And so it was in Galashiels where I came across memorial called “The Raid Stane” the site of an incident in 1337 when a raiding party of English soldiers were picking wild plums close to the town and and were caught by angry Scots who came across them by chance and slaughtered them all.  It seems that they were picking and eating sour fruit and they were so unwell that they were unable to fight back.

Today the town’s coat of arms shows two foxes reaching up to eat plums from a tree, and the motto is Sour Plums pronounced in Scots as soor plooms.  Every year in June there is an event in the town called the Galashiels Braw Lads Gathering which celebrates the event and by all accounts if you are English you really don’t want to be in town that particular night.

Angry Scots

I spent a half an hour or so in the granite town of Galashiels and with the rain getting heavier returned to the car and with the stubborn grey skies refusing to clear away planned a route south towards the town of Jedburgh and followed a route through sweeping hills, purple with heather and decorated with the ragged stumps of the ruins of castles and derelict lookout towers, testimony to its turbulent history.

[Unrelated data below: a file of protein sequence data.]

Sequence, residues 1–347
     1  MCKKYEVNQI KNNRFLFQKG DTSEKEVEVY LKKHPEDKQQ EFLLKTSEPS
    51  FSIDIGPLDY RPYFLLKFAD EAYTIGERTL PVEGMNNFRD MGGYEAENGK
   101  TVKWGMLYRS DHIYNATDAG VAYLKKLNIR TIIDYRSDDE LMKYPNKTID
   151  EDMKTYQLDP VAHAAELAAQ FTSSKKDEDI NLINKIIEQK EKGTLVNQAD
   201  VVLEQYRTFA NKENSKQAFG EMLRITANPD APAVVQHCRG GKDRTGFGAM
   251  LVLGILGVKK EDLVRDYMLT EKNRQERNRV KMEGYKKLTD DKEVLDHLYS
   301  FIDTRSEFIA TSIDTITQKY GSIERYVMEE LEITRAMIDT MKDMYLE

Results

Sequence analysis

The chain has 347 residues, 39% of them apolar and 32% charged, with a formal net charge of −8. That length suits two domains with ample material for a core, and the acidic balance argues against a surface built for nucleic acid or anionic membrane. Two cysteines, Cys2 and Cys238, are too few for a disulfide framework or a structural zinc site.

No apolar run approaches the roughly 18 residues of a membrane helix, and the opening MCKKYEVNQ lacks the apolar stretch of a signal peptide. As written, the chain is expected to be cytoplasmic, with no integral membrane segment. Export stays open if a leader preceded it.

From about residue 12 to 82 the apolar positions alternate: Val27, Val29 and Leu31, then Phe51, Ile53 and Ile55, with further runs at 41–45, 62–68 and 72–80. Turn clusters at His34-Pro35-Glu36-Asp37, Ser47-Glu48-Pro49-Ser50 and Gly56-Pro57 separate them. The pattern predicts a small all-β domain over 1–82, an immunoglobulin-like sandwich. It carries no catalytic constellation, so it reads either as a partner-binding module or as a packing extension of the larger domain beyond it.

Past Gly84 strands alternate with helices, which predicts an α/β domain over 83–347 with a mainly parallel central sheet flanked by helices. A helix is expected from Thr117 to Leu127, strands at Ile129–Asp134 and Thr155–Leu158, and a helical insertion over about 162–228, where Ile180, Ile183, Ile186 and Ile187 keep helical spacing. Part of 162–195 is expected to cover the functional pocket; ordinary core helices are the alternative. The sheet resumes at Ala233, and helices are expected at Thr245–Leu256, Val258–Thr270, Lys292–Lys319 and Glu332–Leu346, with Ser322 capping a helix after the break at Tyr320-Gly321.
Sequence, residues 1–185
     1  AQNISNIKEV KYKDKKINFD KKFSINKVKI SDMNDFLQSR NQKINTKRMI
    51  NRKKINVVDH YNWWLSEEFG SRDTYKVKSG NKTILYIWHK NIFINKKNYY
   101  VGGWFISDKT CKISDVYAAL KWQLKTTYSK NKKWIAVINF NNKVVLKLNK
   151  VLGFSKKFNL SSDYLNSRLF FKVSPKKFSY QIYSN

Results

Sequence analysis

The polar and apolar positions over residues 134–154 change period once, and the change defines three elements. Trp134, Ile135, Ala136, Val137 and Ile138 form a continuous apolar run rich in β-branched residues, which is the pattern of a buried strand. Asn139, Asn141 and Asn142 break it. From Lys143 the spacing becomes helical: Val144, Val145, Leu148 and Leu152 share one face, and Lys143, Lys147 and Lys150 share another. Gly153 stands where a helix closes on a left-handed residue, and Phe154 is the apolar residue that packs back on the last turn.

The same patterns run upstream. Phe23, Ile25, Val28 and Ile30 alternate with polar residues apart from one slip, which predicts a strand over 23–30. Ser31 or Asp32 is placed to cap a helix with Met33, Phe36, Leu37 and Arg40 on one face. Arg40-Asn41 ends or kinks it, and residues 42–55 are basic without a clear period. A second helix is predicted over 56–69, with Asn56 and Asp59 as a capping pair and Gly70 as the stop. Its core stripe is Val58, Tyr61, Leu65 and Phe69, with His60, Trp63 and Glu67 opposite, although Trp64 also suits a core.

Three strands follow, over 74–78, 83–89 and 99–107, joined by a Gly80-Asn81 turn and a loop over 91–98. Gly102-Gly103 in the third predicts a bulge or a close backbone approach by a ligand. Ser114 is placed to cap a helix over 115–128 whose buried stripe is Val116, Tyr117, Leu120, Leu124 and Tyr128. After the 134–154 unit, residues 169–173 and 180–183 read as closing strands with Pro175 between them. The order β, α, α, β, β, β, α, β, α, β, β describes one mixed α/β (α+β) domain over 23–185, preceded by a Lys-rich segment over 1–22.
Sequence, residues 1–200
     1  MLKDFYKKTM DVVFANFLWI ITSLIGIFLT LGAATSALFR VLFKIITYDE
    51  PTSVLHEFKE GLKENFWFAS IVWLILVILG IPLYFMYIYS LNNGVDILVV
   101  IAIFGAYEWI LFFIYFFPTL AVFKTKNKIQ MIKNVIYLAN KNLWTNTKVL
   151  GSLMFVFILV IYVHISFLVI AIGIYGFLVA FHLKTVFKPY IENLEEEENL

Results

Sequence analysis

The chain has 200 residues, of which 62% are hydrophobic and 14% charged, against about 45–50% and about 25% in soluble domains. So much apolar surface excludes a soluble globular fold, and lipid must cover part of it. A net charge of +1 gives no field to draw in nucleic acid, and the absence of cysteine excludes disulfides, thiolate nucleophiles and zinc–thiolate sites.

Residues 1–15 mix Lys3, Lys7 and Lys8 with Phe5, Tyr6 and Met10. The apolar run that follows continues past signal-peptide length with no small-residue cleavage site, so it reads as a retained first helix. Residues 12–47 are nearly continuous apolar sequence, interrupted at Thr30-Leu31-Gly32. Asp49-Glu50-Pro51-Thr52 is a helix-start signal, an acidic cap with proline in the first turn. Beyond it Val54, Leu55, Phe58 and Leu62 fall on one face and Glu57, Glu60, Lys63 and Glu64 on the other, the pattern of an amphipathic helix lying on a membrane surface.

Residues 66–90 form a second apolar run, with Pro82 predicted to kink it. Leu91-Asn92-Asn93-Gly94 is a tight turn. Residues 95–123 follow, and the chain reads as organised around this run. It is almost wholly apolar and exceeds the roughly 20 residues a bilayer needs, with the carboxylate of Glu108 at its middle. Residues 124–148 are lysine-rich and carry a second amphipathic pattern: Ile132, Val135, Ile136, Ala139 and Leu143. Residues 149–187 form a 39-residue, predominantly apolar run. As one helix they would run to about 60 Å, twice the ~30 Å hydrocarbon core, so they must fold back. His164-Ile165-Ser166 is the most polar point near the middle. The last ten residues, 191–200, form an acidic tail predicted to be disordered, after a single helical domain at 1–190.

I passed through the town of Melrose with its ruined Abbey which is said to be the secret  burial site of the heart of Robert the Bruce but I didn’t stop there because I calculated that I only had time for one ruined abbey and that was going to be Jedburgh.

I did however make detour into a valley of the River Tweed and stopped for a while at Scott’s view which is a place where allegedly he liked to stop by and reflect on life.  I am not disputing this but it this rather remote place is about ten miles or so from where he lived so in days before automobiles this would not be something that the average person, or even the great Sir Walter Scott, would be able to do on impulse.  It was a nice view all the same and apparently his funeral cortege stopped off here for a short while on his way to his burial spot in the grounds of nearby Dryburgh Abbey.